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HOW MAINTAINING CLOSE FAMILY RELATIONSHIPS BENEFITS ROMANTIC RELATIONSHIPS AND HEALTH

An Interview with Belinda Campos

After reading about the benefits of the cultural value of familism in romantic relationships, one may be left with a number of questions regarding the topic. In this interview, we go right to the source. Belinda Campos is an Associate Professor in the Department of Chicano/Latino Studies at the University of California, Irvine. Dr. Campos is also a faculty member in the Program in Medical Education for the Latino Community (PRIME-LC) in the School of Medicine. In addition, she also holds an affiliation appointment in the Department of Psychology and Social Behavior in the School of Social Ecology. Read on to learn more about Dr. Campos and navigating relationships with familism.

How did you first become interested in psychology?

Like many future psychologists, I’ve always been fascinated by people. Also, like many who start off as psychology majors, I thought I wanted to learn to understand people so I could help them clinically. But my undergraduate years changed that. In my first clinically-oriented class, I saw that I wasn’t well suited for clinical work. More importantly, in my social psychology and research methods classes, I was exposed to a way of understanding how people think, feel and behave in the course of their normal, everyday, lives and to systematic, logical, scientific ways of studying those processes. I knew right away I was well suited for that. Solving puzzles about people – what a great way to spend your work life!

Psychology can be very interdisciplinary in nature; perhaps particularly for you as an Associate Professor in Chicano/Latino studies and affiliated with the School of Medicine and School of Social Ecology. How has your position in multiple departments informed your research agenda and/or teaching approach, if at all?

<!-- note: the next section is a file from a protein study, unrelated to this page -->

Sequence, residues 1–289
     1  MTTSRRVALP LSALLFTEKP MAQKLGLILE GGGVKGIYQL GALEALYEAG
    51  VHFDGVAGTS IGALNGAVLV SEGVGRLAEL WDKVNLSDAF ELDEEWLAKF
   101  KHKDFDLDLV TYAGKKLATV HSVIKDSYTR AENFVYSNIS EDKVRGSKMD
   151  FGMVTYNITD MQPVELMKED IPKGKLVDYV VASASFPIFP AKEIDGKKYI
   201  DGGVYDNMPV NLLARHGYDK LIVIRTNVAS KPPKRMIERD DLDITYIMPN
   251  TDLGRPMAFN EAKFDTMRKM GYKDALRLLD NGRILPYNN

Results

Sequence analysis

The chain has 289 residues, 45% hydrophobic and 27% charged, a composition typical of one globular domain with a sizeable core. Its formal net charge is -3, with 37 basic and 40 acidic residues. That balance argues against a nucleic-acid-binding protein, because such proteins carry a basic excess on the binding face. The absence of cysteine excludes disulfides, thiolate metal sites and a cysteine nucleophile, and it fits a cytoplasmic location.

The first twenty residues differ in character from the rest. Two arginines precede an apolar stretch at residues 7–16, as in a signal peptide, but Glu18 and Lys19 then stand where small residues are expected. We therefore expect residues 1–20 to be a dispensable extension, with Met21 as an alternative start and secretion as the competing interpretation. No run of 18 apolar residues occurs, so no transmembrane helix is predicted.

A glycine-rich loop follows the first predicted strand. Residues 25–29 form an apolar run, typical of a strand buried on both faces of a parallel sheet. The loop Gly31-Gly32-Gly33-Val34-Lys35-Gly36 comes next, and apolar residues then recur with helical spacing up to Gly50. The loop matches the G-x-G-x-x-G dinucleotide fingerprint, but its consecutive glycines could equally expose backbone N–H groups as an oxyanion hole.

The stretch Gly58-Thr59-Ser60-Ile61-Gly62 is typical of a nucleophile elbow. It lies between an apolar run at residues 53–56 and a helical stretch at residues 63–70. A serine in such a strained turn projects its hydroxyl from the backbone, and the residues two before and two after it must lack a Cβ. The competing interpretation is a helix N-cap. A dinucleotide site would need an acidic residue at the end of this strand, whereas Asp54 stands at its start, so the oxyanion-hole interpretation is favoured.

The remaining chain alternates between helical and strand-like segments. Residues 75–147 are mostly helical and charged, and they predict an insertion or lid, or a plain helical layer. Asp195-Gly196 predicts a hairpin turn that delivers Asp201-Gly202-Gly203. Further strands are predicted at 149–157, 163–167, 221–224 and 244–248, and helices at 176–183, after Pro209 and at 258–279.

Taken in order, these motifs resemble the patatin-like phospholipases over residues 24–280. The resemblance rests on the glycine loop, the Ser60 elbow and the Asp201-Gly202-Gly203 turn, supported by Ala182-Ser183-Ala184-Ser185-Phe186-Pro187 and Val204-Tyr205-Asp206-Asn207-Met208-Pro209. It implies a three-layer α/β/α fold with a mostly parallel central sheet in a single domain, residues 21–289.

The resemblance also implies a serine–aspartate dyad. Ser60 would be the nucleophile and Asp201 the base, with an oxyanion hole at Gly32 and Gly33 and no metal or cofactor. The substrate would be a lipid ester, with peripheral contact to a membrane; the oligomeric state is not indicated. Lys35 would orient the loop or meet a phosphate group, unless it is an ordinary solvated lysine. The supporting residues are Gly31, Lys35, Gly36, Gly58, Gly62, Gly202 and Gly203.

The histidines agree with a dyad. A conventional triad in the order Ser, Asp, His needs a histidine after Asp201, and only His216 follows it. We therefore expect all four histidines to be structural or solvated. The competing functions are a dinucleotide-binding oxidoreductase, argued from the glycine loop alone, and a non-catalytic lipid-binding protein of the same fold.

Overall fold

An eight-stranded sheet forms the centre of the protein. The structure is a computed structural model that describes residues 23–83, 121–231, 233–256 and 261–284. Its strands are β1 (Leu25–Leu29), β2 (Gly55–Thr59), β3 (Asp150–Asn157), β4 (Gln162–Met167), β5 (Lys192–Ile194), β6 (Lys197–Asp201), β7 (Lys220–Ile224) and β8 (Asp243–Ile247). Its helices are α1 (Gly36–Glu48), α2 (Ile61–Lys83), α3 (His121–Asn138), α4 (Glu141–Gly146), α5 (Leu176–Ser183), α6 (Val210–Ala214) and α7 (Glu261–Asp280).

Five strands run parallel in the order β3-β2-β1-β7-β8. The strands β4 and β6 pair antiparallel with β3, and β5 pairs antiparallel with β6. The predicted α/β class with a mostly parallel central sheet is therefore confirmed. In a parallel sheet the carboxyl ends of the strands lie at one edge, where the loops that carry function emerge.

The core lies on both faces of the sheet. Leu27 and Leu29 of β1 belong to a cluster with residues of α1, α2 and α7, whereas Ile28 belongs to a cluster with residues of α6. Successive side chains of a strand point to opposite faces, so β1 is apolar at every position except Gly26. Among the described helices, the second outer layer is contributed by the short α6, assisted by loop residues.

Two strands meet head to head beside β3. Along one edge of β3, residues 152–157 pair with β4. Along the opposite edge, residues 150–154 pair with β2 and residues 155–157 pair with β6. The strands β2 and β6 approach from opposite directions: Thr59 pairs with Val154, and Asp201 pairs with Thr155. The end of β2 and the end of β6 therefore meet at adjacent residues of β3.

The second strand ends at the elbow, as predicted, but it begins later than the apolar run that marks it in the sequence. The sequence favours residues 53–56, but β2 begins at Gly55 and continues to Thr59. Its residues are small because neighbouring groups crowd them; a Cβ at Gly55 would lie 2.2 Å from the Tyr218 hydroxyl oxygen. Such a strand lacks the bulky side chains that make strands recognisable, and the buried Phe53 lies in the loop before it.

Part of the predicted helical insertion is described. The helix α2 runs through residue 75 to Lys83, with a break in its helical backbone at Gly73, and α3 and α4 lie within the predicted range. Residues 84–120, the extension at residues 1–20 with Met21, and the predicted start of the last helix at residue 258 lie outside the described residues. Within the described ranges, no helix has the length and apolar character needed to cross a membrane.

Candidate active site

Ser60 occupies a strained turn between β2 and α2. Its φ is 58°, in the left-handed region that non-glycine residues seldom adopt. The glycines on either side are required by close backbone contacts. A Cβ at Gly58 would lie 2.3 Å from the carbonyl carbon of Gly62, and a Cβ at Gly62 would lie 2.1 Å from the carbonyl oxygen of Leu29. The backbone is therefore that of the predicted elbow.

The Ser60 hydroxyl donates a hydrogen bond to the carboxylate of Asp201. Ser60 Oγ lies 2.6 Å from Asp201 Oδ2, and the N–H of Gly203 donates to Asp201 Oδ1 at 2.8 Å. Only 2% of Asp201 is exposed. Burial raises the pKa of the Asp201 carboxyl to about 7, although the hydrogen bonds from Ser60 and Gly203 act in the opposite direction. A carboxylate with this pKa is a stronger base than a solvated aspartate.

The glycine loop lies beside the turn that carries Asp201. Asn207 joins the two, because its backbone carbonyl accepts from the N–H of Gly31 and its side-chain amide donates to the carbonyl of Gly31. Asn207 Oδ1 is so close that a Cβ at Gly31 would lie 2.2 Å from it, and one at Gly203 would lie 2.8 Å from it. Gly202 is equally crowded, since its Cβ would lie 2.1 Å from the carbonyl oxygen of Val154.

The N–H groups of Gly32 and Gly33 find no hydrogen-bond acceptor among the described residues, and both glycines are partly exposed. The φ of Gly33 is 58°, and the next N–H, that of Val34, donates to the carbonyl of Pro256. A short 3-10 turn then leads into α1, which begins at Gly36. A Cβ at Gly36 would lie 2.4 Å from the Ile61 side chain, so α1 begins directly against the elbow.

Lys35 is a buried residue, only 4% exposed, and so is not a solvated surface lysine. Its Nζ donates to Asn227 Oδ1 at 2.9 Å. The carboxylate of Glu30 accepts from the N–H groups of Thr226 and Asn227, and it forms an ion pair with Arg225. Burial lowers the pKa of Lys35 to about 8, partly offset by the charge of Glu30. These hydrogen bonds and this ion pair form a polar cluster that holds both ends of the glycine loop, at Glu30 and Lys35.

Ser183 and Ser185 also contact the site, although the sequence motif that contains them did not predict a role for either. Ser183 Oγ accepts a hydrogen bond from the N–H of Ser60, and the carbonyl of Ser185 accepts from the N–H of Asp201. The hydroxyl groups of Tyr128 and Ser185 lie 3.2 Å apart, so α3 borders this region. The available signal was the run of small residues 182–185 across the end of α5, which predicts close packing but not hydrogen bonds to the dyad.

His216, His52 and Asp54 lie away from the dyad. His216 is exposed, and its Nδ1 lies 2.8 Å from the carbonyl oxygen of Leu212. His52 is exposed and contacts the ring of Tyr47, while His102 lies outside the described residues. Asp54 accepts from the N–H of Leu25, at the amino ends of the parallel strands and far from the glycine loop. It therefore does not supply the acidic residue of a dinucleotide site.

Yes, the study of how people think, feel and behave – psychological science – is relevant everywhere and, for that reason alone, it behooves us to be interdisciplinary. But also psychology’s roots and ambitions touch other disciplines. Psychology has roots in philosophy, common questions with sociology and anthropology, and important applied relevance to medicine, law and business. We are, and should be, everywhere. In the case of my appointment in Chicano/Latino Studies, what a wonderful opportunity to ground my psychology work among experts with an in-depth understanding of the specific experiences of U.S. Latinos; this is so good for my understanding of this group of people who are so understudied in psychology. I’m not sure if my associations in multiple departments make me more interdisciplinary or reflect my own interdisciplinary intellectual tendencies. In any case, pursuing interdisciplinary opportunities brings a breadth and depth to my work that shapes both my research and teaching.

One of your recent articles indicates the idea that familism, a cultural value for close family relationships, is associated with higher partner support and closeness in romantic relationships among Latinos. Strong family obligations could possibly interfere with partner commitments in romantic relationships. How do you think people, in general, balance family responsibilities and their partners’ needs?